There is a “serious risk” that a US Federal Reserve rate rise is off the table following job figures released on Friday.
The addition of 38,000 jobs in May was “much below market expectations”, says Salman Ahmed, chief investment strategist at Lombard Odier Investment Managers.
Ahmed says Lombard Odier considers a rate hike in June is “firmly off the table”.
“Post the non-farm payroll release, there is now a serious risk to a July rate hike if job creation continues to decrease,” Ahmed says.
However, AJ Bell investment director Russ Mould warns of “getting overly excited by one number”.
“There’s more than enough in it for bulls and bears, but given the doubts I already didn’t think they’d raise rates this year and I’ll stick to that,” he says.
“The US economy is okay, it’s hanging in there, but it’s not robust, it’s not accelerating. When the Fed did raise rates the dollar promptly rocketed 20 per cent and that definitely put the clamps on.”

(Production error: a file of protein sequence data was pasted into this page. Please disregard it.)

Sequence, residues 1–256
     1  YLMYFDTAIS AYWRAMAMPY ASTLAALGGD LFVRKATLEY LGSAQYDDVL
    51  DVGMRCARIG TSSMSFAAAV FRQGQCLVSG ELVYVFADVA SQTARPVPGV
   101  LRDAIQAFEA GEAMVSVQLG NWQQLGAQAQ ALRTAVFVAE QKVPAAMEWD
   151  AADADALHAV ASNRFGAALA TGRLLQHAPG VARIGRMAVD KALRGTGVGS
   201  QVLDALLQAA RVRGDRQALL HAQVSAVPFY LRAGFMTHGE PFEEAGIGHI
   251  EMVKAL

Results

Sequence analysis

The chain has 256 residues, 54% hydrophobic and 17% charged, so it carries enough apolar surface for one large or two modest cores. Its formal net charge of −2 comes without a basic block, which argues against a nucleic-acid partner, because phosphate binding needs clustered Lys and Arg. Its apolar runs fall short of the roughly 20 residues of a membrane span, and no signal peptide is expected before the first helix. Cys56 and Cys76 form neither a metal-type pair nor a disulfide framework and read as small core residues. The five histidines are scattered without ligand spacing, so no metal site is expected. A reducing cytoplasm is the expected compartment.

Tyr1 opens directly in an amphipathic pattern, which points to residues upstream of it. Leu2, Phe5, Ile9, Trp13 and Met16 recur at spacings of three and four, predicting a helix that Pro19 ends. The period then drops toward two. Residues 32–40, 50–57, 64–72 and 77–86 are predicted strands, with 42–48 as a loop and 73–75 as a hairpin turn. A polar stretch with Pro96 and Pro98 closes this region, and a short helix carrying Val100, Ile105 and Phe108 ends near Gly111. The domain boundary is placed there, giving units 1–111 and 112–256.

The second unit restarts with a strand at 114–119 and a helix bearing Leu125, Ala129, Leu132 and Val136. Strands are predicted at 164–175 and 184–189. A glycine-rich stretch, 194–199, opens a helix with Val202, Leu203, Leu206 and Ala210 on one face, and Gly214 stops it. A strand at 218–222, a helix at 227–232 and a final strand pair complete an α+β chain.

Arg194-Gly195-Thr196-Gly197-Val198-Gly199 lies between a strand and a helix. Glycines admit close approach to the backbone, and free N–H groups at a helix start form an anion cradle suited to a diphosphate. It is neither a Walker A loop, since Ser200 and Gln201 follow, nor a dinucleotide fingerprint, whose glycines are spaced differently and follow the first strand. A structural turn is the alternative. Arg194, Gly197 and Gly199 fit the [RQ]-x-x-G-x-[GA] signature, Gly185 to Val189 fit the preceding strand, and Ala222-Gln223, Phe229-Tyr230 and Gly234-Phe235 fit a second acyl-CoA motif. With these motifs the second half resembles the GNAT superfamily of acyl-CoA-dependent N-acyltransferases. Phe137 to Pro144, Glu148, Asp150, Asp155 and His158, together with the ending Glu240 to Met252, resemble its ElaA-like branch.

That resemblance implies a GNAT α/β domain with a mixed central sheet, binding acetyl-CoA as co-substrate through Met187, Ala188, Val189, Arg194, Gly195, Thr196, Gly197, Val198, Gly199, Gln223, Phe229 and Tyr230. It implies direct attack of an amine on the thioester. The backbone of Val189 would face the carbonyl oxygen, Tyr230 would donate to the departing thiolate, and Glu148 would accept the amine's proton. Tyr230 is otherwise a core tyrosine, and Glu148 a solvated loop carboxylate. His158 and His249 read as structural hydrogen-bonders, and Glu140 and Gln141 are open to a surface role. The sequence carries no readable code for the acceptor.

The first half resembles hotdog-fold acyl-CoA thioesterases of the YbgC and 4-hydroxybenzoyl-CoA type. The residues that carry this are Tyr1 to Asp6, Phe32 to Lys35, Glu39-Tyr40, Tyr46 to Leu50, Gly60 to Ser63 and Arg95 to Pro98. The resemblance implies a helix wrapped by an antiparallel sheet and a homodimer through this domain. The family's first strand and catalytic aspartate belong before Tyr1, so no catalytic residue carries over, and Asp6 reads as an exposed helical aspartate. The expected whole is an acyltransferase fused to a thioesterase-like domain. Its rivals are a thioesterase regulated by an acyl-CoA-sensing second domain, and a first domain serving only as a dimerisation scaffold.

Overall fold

Head of investing for Axa Investment Management Adrian Lowcock says the market seems to have lost conviction in a June or July rate rise, but adds that the April figures “weren’t particularly great either”.
“But what came between the two payroll figures was some good inflation numbers, really good economic growth figures, and consumer spending figures that were quite positive and industrial activity was also quite good.”
Regardless of the figures, Lowcock says the Fed may wait to see whether the UK votes for a Brexit in the EU referendum before it takes any action on rates. He therefore believes July is most likely for an increase.
“If it is in July then there’s still the opportunity for plenty of other economic activity to come through which could swing it the other way.”
Lowcock adds that the Fed may be reluctant to make a move on rates too close to the presidential elections in November. The next opportunity to rise rates after July would therefore be in March 2017.
Ahmed says caution around hiking the interest rate would be good for bonds but “somewhat negative” for equities and the US dollar.